An interesting trend in this year's civic polls was the rise of citizen's candidates, with the potential to give stiff competition to political parties. Little was it imagined that these candidates would end up competing amongst themselves.
With increasing number of platforms fielding candidates this year, five electoral wards in the city will see citizen candidates flex their muscles against each other. "Though all the forums had initially agreed not to compete with each other in the same ward, it has unfortunately happened," said Hansel D'souza, convenor of Mumbai Nagrik Manch, which is fielding three citizen candidates this year.
According to candidates, the discord will only work in favour of political parties. "Parties will stand to gain from the division of votes," said Makarand Narwekar of My Dream Colaba, who contest from ward 227, Colaba, against citizen candidate, Vijay Shivdasani, from the forum Mumbai 227, fielding more than 60 candidates.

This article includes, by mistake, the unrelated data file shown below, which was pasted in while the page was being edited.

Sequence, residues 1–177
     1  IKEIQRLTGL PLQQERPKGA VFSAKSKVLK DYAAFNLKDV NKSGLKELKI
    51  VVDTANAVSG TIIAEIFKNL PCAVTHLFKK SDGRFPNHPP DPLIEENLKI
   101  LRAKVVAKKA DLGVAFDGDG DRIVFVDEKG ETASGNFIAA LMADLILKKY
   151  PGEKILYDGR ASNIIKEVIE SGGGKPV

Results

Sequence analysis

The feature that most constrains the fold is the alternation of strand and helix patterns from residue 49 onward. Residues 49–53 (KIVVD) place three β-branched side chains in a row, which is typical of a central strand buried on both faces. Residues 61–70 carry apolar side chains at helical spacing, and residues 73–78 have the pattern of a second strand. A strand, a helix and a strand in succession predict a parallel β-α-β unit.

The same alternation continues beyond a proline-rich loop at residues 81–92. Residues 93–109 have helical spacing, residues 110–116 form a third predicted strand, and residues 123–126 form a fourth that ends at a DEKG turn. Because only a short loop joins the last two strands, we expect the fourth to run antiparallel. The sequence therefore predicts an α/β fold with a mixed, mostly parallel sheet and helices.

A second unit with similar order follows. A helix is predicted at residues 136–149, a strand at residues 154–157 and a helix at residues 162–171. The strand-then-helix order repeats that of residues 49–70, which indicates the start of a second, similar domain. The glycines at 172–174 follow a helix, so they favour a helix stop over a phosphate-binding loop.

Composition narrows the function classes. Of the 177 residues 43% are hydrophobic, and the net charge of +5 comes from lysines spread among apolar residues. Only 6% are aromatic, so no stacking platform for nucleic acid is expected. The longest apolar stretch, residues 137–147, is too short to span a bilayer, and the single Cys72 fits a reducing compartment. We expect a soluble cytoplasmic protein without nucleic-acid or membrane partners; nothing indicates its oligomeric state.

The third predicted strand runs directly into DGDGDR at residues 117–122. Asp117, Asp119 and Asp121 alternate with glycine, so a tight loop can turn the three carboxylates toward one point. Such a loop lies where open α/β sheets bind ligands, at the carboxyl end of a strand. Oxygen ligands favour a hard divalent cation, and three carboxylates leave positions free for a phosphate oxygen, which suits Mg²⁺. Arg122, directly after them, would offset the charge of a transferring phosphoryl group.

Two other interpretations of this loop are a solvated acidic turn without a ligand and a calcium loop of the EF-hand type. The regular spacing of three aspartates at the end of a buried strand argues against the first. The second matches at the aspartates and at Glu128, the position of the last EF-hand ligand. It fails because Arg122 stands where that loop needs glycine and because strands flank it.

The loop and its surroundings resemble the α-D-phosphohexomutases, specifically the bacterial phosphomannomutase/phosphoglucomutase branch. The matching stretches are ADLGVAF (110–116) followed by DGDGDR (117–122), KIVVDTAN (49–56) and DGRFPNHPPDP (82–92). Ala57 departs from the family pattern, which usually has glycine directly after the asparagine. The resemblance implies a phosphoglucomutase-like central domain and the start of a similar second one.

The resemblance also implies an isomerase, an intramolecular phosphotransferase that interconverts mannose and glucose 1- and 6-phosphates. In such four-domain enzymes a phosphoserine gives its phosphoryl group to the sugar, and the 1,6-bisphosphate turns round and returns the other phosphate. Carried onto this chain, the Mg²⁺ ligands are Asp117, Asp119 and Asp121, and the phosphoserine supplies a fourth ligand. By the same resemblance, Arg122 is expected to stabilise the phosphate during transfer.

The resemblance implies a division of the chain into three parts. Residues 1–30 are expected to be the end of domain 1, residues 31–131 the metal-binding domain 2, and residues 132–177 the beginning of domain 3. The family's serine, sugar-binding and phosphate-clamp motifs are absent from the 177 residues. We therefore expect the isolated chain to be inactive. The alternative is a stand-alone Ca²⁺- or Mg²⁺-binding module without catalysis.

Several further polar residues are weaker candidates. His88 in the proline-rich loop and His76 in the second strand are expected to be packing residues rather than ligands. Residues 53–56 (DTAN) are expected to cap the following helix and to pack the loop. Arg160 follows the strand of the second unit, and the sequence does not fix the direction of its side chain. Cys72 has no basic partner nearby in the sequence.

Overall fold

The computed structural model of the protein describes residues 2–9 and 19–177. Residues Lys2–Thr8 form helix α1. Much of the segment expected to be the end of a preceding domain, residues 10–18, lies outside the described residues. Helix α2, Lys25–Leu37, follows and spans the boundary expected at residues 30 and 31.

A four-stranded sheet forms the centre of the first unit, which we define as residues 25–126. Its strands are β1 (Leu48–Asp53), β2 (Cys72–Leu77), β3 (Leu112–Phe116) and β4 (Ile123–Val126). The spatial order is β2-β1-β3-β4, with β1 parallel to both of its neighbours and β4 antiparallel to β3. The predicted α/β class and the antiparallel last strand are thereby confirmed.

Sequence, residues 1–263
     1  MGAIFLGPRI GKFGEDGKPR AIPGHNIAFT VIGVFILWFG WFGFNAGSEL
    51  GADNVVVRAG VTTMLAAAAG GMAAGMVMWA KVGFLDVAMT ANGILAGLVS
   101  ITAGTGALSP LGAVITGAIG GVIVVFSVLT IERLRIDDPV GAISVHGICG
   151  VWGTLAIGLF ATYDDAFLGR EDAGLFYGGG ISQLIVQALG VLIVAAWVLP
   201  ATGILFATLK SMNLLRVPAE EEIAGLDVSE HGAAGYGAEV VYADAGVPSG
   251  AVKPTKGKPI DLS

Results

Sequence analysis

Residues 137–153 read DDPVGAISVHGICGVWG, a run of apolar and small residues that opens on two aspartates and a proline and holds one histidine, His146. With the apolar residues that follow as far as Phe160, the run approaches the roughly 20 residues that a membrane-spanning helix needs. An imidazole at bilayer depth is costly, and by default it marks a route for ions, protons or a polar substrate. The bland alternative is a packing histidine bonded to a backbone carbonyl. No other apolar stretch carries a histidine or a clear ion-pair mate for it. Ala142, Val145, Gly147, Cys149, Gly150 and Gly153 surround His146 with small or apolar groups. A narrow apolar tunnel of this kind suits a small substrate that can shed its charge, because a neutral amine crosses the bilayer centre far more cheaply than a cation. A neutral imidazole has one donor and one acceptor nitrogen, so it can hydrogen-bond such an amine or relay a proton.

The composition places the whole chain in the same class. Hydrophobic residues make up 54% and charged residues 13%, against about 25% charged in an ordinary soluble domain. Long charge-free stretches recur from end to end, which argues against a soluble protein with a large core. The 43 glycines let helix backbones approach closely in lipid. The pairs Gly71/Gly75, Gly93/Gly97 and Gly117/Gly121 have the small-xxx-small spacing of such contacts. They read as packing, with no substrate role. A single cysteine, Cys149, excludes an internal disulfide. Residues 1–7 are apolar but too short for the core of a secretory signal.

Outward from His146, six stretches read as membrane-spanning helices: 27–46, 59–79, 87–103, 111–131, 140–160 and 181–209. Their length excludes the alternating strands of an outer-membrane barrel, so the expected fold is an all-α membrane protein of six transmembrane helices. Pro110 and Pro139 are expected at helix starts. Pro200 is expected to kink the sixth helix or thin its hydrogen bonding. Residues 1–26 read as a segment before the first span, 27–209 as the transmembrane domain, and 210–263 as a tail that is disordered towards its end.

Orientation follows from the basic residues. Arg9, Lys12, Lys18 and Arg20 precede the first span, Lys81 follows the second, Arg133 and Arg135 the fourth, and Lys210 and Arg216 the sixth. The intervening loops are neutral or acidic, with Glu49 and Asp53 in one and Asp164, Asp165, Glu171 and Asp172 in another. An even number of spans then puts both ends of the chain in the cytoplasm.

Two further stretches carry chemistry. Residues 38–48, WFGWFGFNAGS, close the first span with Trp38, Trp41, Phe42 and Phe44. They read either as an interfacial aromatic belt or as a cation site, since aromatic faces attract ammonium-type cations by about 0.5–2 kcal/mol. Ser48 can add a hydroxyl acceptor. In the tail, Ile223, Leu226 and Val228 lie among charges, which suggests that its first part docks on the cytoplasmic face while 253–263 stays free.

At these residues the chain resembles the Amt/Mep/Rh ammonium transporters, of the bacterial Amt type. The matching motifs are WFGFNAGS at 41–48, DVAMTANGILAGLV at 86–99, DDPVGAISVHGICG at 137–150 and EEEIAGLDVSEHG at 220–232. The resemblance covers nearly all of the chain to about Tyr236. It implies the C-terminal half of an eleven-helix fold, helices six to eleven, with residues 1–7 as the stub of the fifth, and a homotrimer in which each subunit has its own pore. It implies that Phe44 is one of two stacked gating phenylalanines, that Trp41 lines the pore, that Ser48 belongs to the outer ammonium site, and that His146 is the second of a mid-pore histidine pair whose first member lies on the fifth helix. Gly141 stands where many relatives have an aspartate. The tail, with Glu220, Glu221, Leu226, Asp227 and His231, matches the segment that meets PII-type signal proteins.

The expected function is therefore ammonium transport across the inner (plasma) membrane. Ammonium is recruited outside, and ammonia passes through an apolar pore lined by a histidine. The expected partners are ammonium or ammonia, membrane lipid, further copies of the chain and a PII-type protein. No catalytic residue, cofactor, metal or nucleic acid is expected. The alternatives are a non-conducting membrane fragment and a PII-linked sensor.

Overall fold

These forums also differ in their approach. Describing Mumbai Nagrik Manch's perspective, Hansel said: "We have fielded candidates elected by people, not imposed from the top."
However, Mumbai 227's Akalpita Paranjpe maintained that a rigorous selection and training process ensures quality. "Mumbai 227 is a brand that our citizen would carry to their advantage. However, we are at a disadvantage in wards where we face competition from other citizen candidates," she said.
However, Adolf D'souza, convenor of citizens' forum Mumbai Nagriksatta and the city's first citizen candidate feels the competition could prove to be positive. "The concept of citizen's candidates is evolving. It is good that many forums are experimenting with multiple ways of putting citizens' consensus candidates," he said.